Mary Steenburgen (‘Wild Rose’) on using her ‘new musical brain’ to write the song ‘Glasgow (No Place Like Home)’ [EXCLUSIVE VIDEO INTERVIEW]

Mary Steenburgen is known for her decades of work as an actor, picking up an Oscar and a Golden Globe for her turn in “Melvin and Howard.” But she woke up from a minor surgery on her arm in 2007 feeling “very strange.” “My old brain wasn’t really the same anymore,” she explains, adding, “It was replaced by a musical brain.” That fateful event opened up a new career path for Steenburgen as a songwriter, and her country tune “Glasgow” provides a glorious closing moment to the film “Wild Rose.” And this weekend, she received a Critics’ Choice nomination for Best Original Song. Watch the exclusive video interview above.

Steenburgen’s “new musical brain” had her hearing music in her head constantly, despite not having a musical background. Every experience generated music. Instead of allowing this startling change drive her crazy, the Oscar winner decided to find a way to incorporate it into her life. She picked up instruments, studied song structure, and eventually found herself writing tunes in Nashville for Universal Music Publishing Group. “I was always the least experienced person in the room,” she admits, “and also the oldest.”

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When director Tom Harper needed a song for his film “Wild Rose,” it became the perfect opportunity for Steenburgen to marry her acting and songwriting skills. The song is one that lead character Rose-Lynn (Jessie Buckley) writes and sings at the end of the movie. Not just some end credits tune, the number has to express everything Rose-Lynn experiences in the film. “I cheated a little bit” she says with a smile, and got her hands on the complete script to read in its entirety. “I approached it partly like an actor,” she explains. “If I’m playing this character, what would I have to say?” She quickly called collaborators who she knew would also understand the character: co-writers Caitlyn Smith and Kate York. “The song poured out of us,” she gushes. It would be titled after the character’s home town in the film: “Glasgow (No Place Like Home).”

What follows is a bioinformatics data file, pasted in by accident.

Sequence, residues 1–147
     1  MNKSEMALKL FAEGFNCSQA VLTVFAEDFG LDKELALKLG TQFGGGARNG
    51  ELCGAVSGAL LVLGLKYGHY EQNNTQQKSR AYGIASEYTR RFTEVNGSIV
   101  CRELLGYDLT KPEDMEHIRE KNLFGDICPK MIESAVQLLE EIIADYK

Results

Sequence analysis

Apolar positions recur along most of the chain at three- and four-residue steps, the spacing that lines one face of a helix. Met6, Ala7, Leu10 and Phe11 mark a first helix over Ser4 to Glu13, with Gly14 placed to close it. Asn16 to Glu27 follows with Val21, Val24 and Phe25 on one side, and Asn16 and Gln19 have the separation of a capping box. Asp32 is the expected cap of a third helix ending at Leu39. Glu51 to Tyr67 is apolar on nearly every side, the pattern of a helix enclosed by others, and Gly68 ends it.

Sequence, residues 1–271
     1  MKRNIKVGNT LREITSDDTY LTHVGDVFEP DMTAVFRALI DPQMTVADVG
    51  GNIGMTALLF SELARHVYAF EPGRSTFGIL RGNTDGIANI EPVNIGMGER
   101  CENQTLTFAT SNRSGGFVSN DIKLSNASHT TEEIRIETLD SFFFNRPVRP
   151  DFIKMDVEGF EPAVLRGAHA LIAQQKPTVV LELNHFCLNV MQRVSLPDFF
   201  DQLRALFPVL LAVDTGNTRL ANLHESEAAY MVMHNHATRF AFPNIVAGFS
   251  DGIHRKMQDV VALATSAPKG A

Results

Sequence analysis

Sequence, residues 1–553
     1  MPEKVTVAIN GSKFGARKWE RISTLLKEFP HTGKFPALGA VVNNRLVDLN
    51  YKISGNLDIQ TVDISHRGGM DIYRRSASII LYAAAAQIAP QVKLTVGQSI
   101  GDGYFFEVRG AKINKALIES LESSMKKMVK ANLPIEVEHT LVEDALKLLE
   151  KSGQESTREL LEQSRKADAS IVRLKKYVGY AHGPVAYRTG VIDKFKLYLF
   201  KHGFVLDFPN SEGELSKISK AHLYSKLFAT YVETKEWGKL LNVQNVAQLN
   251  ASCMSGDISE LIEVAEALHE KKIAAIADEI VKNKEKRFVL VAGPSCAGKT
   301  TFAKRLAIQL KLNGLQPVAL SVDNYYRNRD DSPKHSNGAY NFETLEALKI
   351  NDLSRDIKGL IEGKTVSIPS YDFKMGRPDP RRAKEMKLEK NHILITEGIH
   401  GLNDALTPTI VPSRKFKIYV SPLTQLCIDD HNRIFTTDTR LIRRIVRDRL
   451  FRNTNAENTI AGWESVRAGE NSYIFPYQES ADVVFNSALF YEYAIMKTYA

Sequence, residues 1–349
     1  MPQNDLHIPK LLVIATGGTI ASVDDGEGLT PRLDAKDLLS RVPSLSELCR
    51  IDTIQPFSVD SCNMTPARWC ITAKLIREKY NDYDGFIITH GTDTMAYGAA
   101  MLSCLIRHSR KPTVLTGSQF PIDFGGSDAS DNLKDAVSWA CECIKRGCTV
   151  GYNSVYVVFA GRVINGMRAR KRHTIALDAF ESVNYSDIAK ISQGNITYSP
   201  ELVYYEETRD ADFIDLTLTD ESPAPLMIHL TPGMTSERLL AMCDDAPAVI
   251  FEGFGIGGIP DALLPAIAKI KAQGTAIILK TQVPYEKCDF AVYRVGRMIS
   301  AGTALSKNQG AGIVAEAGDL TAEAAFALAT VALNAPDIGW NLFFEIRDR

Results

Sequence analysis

SEE Jessie Buckley in ‘Wild Rose’ will tame BAFTA and BIFA voters

“The connection of acting and songwriting is that you’re telling stories” claims Steenburgen. “I can play characters that I could never play in a movie.” She goes on to praise the lead performance by Jessie Buckley. As Steenburgen puts it, “she really plays it with no apologies.” With the actor’s character driven lyrics joined with Buckley’s devastating vocals, the song becomes an emotional and rousing moment of catharsis for the character and the audience.

Though the journey to songwriting was daunting, Steenburgen is enjoying this new aspect of her life. After telling her story of musical awakening she believes “it’s all about saying yes, and not being afraid to only have new beginnings saved for young people.” It’s common for kids to receive words of encouragement, that they can do anything with their big dreams. “Nobody says that to someone my age,” says Steenburgen, “so I said it to myself.” The music world is certainly richer for her leap of faith.

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